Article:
Its a clip. That beeps. The Knowhere is a radio connected device that ensures you will never lose anything again.

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The Knowhere is a binder clip connected to a Raspberry Pi. When you select the clip (by an inputted name) from the Pi, the clip begins making a noise allowing you to find it. Or in other words, it beeps. Loudly. And even better, a clip costs about two dollars to make with parts from wholesale electronic vendors, allowing you to flood your house with clips. That beep.
This project is currently under construction.

The Knowhere works using an FM transmitter and receiver. A Raspberry Pirate radio is loaded with a program which sends Pulse Modulation radio signals which are decoded using an ATtiny. If the ATtiny identifies that it's 8-bit code is being sent, it beeps and flashes so you can find it easily. It's simple, but incredibly helpful.  


Make this device at your own risk.

According to FCC regulations, Part 15 devices, such as this one, are legal as long as the working range of the device is under 200 feet. If you're in the U.S. like we are, you should be good legally speaking as long as you make sure the radius only covers 200 feet AND is within the  AM or FM band (535 to 1075 kHz and 88-108 MHz). Make sure to find an unused channel (you can use the link provided if you are in the US) so you won't have to deal with much interference. We plan to broadcast on FM 89.1 . Your mileage may vary.

If you are in another country, make sure to always follow your local laws, and if they permit, choose the appropriate channels.

The FCC ruling on Unlicensed Low Power Transmitters such as ours is included in the links section. If you're planning to build this device, please look at these regulations, or the ones applicable in your locality, just in case.

  • 1 × ATtiny45 Arduino's smaller, cheaper baby brother, We still love you 328!
  • 1 × Raspberry Pi (and all necessary peripherals) The poster child of the maker movement, and a potential pirate radio.
  • 1 × TEA 5767 Radio Module It's pretty cheap and more importantly, very small.
  • 1 × ISP compatible Arduino (ATmega 328 or higher) The ATtiny doesn't come with a USB programming port; you'll have to use a breadboard and an Arduino to program it.
  • 1 × Speaker or Piezo Small, but powerful so you can actually hear it.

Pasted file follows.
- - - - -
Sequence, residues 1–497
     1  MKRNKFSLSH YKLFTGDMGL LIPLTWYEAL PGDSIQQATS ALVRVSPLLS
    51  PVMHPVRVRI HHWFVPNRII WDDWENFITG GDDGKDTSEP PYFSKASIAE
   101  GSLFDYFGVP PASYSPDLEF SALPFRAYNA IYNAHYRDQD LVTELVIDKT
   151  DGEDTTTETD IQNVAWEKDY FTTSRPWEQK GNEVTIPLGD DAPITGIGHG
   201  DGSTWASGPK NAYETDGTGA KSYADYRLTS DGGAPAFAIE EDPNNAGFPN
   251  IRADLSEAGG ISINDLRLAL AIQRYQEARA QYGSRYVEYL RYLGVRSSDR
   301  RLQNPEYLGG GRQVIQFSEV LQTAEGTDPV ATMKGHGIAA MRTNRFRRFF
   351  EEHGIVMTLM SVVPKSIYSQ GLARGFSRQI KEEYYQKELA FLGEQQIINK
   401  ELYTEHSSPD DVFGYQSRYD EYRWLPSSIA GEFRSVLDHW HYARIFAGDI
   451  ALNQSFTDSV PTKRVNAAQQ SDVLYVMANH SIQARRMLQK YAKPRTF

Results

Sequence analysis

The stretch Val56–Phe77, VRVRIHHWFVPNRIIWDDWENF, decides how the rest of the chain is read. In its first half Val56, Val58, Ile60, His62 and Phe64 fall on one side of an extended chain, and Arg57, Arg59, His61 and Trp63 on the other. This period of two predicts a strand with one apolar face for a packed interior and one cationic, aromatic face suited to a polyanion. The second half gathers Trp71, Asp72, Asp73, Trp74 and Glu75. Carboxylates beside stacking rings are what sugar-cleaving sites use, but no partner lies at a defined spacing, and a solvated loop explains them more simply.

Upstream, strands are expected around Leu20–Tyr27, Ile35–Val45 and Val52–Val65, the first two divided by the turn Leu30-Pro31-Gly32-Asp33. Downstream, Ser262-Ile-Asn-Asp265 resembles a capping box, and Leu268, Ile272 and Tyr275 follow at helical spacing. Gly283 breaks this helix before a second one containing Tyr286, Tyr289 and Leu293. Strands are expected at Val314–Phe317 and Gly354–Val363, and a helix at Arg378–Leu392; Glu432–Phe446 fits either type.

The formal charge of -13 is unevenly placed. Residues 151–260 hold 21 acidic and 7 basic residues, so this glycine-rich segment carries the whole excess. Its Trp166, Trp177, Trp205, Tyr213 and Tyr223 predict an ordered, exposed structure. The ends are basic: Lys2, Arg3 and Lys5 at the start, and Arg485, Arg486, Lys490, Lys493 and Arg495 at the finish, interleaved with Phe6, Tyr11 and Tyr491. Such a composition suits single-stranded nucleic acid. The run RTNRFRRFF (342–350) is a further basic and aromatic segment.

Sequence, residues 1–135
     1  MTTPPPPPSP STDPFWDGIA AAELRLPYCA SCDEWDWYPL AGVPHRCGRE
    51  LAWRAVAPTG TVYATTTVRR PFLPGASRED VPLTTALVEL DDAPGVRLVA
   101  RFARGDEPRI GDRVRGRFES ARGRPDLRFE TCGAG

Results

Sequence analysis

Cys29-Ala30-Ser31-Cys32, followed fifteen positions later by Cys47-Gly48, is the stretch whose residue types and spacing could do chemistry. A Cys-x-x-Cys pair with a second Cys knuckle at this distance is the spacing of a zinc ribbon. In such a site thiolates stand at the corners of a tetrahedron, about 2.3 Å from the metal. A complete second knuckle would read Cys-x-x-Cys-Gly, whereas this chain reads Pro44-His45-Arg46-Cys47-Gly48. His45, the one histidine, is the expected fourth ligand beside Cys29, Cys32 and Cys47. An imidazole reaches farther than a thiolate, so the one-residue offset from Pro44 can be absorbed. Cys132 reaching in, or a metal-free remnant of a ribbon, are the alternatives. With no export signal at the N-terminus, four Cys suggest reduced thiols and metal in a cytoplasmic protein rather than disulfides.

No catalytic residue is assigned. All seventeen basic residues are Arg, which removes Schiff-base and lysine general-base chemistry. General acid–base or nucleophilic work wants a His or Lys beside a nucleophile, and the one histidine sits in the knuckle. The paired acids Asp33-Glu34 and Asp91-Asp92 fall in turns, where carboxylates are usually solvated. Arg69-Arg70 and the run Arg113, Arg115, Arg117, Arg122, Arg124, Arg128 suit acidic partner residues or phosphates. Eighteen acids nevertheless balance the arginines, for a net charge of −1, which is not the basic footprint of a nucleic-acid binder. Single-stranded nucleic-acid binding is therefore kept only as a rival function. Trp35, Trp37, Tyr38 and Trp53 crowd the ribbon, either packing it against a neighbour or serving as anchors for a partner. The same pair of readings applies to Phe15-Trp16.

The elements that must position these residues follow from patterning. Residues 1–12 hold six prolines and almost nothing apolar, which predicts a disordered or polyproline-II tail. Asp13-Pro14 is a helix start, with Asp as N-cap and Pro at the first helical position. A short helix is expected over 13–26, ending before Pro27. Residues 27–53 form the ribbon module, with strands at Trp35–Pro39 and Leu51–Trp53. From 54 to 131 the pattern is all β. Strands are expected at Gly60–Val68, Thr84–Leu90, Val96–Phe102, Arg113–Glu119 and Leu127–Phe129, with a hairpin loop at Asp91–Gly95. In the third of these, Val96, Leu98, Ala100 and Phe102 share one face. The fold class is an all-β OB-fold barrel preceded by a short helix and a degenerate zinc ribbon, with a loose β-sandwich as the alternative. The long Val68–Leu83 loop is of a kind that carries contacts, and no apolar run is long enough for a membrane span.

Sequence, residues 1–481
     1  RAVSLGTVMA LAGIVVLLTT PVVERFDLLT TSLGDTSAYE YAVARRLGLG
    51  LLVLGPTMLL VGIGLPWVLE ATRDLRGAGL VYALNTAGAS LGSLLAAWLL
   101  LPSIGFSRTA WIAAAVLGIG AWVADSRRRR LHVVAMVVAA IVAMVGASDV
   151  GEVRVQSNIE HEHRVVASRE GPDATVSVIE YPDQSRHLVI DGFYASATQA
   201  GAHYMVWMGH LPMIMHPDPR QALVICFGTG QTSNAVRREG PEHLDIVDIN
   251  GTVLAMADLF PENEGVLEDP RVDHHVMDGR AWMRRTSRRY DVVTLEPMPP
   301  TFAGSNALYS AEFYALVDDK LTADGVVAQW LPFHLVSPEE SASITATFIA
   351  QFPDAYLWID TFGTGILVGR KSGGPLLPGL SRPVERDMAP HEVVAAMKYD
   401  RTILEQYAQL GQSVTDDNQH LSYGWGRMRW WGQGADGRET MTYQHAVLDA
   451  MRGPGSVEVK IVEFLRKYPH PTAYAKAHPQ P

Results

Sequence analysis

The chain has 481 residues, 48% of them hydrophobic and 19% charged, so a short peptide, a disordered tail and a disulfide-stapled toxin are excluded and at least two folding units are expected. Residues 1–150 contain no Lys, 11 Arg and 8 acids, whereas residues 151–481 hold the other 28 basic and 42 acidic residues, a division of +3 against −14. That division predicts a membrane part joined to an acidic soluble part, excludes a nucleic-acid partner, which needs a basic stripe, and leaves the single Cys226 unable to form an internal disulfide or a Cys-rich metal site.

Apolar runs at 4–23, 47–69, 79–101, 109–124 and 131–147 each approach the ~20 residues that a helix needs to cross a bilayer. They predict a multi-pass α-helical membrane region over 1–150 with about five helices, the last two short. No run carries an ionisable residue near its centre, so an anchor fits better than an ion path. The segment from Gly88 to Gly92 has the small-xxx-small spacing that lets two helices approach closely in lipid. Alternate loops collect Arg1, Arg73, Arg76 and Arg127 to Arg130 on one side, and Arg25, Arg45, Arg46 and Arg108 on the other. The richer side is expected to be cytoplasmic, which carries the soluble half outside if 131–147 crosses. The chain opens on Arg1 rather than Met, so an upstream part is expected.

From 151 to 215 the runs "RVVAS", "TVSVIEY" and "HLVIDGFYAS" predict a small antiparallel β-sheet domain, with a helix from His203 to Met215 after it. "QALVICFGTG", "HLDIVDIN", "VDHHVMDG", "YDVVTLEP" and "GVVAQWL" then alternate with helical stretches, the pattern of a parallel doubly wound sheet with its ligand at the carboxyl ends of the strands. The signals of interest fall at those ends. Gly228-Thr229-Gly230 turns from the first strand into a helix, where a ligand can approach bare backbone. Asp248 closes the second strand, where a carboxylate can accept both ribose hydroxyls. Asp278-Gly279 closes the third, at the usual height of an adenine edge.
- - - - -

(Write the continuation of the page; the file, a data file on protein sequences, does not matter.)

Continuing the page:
View all 12 components

  • Capitulation

    LordPharaoh08/20/2014 at 18:41 0 comments

    Well, I gave up on making my own radio and figured using a module would be only slightly more expensive, much more reliable, and would enable the device to be much smaller than before, which are all good things on the whole I'd say. I still felt like I've given up though, even though my brain says that I just made the rational decision necessary.

  • Crystal Radio!

    LordPharaoh08/09/2014 at 08:24 0 comments

    We had originally planned on using a power radio because we had researched crystal radios and found that they needed really big coils and even bigger antennas. But recently, we discovered that they actually made pocket-sized crystal radios back in the day, and we plan to build one of those and try it out to see if it will work with our idea. It still has a relatively long antenna, but this can be shortened by adding a trickle of the ATtiny's power into an ampifier. Another problem we went around is the germanium diode. When making a low-power radio, a germanium diode is a necessity. These are both relatively expensive (usually more than one or two dollars) and only available online (RadioShack stopped carrying them a while ago, as well as most electronics vendors). We found many sources that claimed that LED's work nearly as well as germanium diodes, and they're extremely cheap and easy to find. We happened to have a few lying around (who doesn't?) and we plan to build this radio soon. We've left behind trails of radios we built that wouldn't work and the mangled remains of perfectly good commercial radios we took apart to find the secrets inside. Hopefully this will be the solution we were looking for.

  • Software Success

    LordPharaoh08/08/2014 at 02:22 0 comments